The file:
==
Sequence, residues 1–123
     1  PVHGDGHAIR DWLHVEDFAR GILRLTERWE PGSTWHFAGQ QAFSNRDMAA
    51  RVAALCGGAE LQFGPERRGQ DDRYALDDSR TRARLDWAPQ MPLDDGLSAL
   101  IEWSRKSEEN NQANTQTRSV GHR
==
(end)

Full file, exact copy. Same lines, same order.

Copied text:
Sequence, residues 1–123
     1  PVHGDGHAIR DWLHVEDFAR GILRLTERWE PGSTWHFAGQ QAFSNRDMAA
    51  RVAALCGGAE LQFGPERRGQ DDRYALDDSR TRARLDWAPQ MPLDDGLSAL
   101  IEWSRKSEEN NQANTQTRSV GHR